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‘Mingalabar!  – This beautiful greeting which means ‘auspiciousness’ is well suited to this fascinating country,’ says Abbie, who has just returned from visiting Myanmar.

‘Having been offered a place on this familiarisation trip with TransIndus back in February 2017, I had six months to eagerly await my visit. However in the final days just before departing, Myanmar hit the headlines for all the wrong reasons and I naturally had reservations about visiting at this particular time even though the areas I was to stay in were far removed from the troubled Rakhine State in the North West of the country.  From the moment I arrived however, I was made to feel welcome and after clearing immigration at Yangon Airport, I was faced with a wall of people wearing brightly coloured traditional dress and a beaming smile to match.

Yangon is a bustling city heavy with traffic, however unlike most other Asian cities there are no mopeds allowed! I started the morning with a walking tour through Chinatown and explored the busy markets selling fresh fruit, meat and flowers. The locals are incredibly friendly offering samples from their stalls to try. I carried on through the Indian quarter passing Hindu temples before finishing with a rickshaw ride to the historic Strand Hotel.

I ended the day with the undoubted highlight of Yangon,  the stunning Shwedagon Pagoda. The scale of this monument is immense covered in 60 tonnes of gold leaf and topped off with a stupa incrusted with 4531 diamonds; the largest of which is 72 carats!  Every day Monks scour the pagoda and collect the various jewels and diamonds that have fallen from the stupa! Watching the sunset and listening to prayers is a truly magical experience which really cannot be put into words.

It was an early start the next morning to catch a flight to Mandalay. The view from the plane gave me a glimpse of what to expect: gold, gold and more gold!

Mandalay is Myanmar’s second largest city, with the centre focused around the Royal Palace. Mandalay is chaotic with traffic. Add mopeds and bikes to the mix, and this makes crossing the road a challenge but it certainly adds to the fun.

I passed some of the marble workshops, where hundreds of Buddha images are hand carved to perfection, these are then often exported to neighbouring Thailand or China. This was followed by a visit to Kyauktawgyi, famous for its seated Bhudda carved from a single block of marble.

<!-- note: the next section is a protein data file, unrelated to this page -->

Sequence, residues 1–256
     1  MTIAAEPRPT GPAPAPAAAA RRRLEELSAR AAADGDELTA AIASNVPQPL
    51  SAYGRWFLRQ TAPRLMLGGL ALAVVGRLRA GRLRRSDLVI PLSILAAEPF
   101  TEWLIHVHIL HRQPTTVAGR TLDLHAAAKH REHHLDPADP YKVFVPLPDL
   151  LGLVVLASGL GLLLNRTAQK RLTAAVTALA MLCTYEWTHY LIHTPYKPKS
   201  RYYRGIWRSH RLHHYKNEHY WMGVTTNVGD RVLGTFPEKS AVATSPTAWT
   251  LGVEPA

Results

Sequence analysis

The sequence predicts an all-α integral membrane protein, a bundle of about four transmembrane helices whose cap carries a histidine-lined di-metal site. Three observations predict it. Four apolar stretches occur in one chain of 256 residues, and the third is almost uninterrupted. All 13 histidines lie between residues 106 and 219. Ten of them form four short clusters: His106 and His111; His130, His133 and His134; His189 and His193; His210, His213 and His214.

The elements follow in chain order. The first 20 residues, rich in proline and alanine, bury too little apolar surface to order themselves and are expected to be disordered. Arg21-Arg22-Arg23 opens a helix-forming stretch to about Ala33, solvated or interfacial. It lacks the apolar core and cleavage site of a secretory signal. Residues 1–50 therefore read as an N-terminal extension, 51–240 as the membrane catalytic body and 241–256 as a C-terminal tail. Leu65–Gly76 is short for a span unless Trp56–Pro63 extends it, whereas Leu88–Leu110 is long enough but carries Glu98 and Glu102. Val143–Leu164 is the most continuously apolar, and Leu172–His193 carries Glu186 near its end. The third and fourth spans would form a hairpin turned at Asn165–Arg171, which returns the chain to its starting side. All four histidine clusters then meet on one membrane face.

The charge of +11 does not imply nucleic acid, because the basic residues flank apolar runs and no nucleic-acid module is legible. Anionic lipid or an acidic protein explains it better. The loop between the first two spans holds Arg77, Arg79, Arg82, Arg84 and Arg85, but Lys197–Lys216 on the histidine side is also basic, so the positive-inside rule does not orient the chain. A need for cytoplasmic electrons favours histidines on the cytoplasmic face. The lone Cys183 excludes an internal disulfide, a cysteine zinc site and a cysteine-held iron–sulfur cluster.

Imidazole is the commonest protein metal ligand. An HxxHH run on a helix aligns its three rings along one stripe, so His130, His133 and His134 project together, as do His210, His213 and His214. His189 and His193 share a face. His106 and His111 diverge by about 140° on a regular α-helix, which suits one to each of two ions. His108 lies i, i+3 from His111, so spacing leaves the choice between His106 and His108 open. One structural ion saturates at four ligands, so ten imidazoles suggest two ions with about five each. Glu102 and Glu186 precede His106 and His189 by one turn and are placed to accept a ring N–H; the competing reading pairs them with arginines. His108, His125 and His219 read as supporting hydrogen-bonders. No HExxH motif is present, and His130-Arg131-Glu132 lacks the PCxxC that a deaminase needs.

Later that afternoon I visited the Golden Teak Monastery, built by King Mindon in the 19th Century. This intricately carved wooden monastery is an excellent example of teak craftsmanship.

The next day was action packed with visits to Sagaing and Inwa. Firstly a drive to Sagaing home to hundreds of stupas, monasteries, temples and nunneries.

My personal favourite visit was Sun U Ponya Shin Paya. Sat on the top of a 240 ft high hill, the pagoda offers outstanding  views of Sagaing and the river.  Later that afternoon I took the ferry across Irrawaddy River to visit Inwa. The mode of transport here is horse and cart, it is a welcome change to have views of the country side and see more of rural village life.

The end of the day was spent watching the sun set over the famous U-Bein Bridge. This is the world’s longest teak footbridge stretching over a kilometre in length.

The next day I travelled onwards to Bagan, a drive of around 5 hours. Bagan is like a magical undiscovered land, with mainly sandy dirt roads and temples everywhere you look!  My personal favourite was Dhammayangyi Temple built by the ruthless King Narathu who murdered his own father to claim the throne.  The temple brickwork is the finest in Bagan, as King Narathu oversaw the construction himself. Masons were executed if a needle could be pushed between bricks they laid! The temple is actually unfinished as he was assassinated before completion.

That evening was spent at Nanda Restaurant, eating delicious food and watching a puppet show.

The next morning I took a flight to Heho, the gateway to Inle Lake. The next stop was Pindaya Caves set deep in the hillsides.  The limestone caves contain over 8000 Buddha images, all of various shapes and sizes donated by various people since the caves became a place of worship in the 18th century.

 

Inle lake is a very peaceful serene place to conclude any trip to Myanmar. There is much to do: explore the bustling markets, take a boat trip across the lake or watch the local fishermen. The floating gardens are incredible and show just how resourceful the local people are.

The people of Myanmar are gentle and have an authentic charm. There is still a sense of innocence in Myanmar, which I hope will remain and not become too westernised.’

If you are thinking of travelling to Myanmar but you are feeling cautious following the recent events in Rakhine State, please feel free to call Abbie and discuss any concerns you may have.